Wondering how I updated my wardrobe as I moved from no-dress-code Singapore to the Muslim United Arab Emirates?  Here is the article I wrote for Sassy Mama Dubai about it.  

As the song goes, you’ll see many women in Dubai covering their heads, shoulders, knees (and toes?), but this is not required for non-Muslim women – regardless of what many people think before visiting! However, it is respectful to cover your shoulders and knees when going out in public. This doesn’t apply at the beach, but even my local surf shop asked for patrons to cover up when they enter. This dress code presented some challenges for me when I moved here this past July from Singapore with only a single suitcase of my own clothes to last me months in temporary housing. It was blazing hot, I was dependent on Uber and Careem (often waiting in the sun for my driver to find his way), and I found myself traipsing through sand and dirt when a drop off was stymied by random construction; I always felt like I had nothing appropriate to wear.

Read more: The Power of Minimalism

It doesn’t matter if you are a fashion-phile or foe, getting dressed is important. It sets the tone for your day, and, like it or not, our clothes speak to the people around us. Getting dressed can be a source of daily stress, especially with bulging closets and drawers. Each item carries its own emotional weight – the too-small-jeans that were fab before you had the baby, the expensive shirt that turned out to be itchy and uncomfortable, the pair of impractical, aspirational shoes that seem to whine, “You never take us out!”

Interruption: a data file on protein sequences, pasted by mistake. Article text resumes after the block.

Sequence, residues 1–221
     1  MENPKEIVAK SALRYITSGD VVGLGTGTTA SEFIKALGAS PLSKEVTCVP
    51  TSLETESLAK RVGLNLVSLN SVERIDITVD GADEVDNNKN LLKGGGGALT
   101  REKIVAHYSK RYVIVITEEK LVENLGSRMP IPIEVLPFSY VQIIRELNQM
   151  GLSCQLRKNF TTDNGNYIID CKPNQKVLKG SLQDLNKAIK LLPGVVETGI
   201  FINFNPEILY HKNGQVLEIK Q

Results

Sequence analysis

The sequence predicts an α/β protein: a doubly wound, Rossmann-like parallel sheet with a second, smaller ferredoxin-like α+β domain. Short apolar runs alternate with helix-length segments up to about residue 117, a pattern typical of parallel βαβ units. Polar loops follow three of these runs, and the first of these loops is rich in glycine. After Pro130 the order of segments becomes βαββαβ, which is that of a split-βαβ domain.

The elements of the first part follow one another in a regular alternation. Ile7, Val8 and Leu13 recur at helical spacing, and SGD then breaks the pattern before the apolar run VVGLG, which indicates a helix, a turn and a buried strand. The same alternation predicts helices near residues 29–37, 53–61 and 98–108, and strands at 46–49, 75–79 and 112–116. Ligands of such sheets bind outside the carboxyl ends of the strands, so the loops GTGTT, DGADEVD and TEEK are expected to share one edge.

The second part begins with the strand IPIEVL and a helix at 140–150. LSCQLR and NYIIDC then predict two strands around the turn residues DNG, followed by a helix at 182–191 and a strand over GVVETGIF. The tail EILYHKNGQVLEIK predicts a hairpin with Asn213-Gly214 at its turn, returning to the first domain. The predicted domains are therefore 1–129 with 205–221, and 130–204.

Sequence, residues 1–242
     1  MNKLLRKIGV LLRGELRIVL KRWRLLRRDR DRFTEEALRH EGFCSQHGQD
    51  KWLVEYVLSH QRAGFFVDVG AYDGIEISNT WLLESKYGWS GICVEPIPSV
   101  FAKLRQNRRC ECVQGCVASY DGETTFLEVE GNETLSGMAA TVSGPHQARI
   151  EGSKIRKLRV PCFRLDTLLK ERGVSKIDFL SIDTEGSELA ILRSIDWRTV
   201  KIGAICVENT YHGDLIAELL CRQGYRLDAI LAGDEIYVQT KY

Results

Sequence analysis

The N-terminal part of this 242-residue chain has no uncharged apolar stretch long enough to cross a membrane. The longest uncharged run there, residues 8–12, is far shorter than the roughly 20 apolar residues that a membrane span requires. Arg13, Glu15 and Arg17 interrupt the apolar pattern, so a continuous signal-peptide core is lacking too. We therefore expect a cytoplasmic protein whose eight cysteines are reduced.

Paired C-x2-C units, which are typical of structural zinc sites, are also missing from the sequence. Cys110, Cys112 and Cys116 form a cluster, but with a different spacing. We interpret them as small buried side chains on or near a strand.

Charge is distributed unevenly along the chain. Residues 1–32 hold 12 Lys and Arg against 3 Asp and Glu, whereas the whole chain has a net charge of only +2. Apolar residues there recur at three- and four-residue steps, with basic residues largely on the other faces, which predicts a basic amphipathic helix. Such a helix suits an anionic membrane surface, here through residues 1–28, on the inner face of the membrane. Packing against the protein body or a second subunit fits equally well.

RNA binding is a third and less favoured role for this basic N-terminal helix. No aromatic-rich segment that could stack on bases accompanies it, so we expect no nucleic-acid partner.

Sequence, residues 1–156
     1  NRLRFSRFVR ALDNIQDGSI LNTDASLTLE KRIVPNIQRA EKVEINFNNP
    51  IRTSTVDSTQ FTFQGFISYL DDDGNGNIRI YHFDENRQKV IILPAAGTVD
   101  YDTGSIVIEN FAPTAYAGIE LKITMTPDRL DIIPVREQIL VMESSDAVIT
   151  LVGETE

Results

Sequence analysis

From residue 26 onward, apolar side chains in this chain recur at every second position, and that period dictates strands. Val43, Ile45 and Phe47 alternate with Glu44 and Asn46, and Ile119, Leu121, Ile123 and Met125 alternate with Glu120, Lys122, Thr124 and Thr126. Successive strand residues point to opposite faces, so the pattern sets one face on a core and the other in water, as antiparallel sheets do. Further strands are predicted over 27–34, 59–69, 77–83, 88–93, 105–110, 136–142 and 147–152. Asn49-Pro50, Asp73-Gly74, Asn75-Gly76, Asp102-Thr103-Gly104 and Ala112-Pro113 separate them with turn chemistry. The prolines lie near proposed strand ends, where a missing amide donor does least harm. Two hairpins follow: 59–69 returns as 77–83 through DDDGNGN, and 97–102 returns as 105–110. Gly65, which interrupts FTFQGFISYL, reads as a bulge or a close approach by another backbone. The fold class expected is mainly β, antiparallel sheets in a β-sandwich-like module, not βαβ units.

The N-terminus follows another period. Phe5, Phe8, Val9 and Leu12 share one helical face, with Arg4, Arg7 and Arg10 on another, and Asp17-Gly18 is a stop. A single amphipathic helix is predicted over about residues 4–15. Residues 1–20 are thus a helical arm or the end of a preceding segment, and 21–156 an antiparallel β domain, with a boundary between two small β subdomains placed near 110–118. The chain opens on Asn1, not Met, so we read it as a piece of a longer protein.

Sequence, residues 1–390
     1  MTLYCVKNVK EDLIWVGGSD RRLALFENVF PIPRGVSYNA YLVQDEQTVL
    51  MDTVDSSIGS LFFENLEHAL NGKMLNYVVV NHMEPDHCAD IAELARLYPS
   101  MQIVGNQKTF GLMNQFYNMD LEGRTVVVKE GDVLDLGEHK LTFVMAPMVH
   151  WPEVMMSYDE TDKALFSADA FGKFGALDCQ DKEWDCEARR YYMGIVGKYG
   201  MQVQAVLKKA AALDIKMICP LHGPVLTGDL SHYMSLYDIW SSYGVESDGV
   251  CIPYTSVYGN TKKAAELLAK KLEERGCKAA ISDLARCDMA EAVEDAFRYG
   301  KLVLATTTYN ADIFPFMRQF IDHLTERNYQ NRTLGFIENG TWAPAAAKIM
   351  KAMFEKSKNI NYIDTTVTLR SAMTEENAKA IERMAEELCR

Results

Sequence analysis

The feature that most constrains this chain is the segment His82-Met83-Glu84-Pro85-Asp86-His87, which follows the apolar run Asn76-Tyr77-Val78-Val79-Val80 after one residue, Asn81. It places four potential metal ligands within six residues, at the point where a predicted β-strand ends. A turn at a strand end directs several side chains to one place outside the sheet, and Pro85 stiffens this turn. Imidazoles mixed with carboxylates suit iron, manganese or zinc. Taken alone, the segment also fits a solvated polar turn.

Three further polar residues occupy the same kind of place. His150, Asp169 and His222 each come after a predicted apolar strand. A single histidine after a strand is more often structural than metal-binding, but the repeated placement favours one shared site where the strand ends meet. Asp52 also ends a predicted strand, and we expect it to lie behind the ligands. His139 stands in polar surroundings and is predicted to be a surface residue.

Eight months ago, I completed a capsule wardrobe experiment to try to get a handle on the stress in my life. I followed the guidelines of Project 333, created by Courtney Carver of Be More With Less. The basic idea was to choose 33 items of clothing and accessories and wear them for 3 months. After that, you could rotate in items from storage to fit the new weather/fashion situation. Your wedding ring, underwear, and workout clothing do not make up the 33 items. I altered the rules a bit to suit myself by not including jewellery, as I was far too emotionally attached to my baubles.

The results far surpassed my expectations. Getting dressed was simpler; I had less anxiety about wearing the perfect thing as I just had to wear the available thing. There were some bumps, of course, like running out of clean clothes at one point, but overall I was thrilled. I adopted rules for new clothing purchases to help improve the conditions in the garment industry:

  1. Buy from clothing companies that have a focus on fair wages, fair treatment of workers, and ecologically friendly manufacturing practices.
  2. Buy clothing that is made well and will last a long time.
  3. Donate to charities that help the workers in the countries where garments are made if I decide to make a purchase from a fast fashion brand like H&M, Zara, Forever 21, and Primark.

I felt great in my soul, and I loved how I looked – my wardrobe now consisted solely of favourites. Yet upon moving to Dubai, I had a bit of a closet crash-landing.

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To continue reading, click here to go to the article on Sassy Mama Dubai.

Jennifer Jasensky is a Dubai resident, United States transplant, former mathematics teacher and dancer/choreographer. She is an outgoing homebody and perpetual idealist whose love of learning knows no bounds. She is most happy enjoying a good book with a plate of kaya toast, runny eggs, and kopi-c peng siew dai, but now that she has moved from
Singapore to Dubai, drinking an iced latte in the ocean is fast becoming her happy place.

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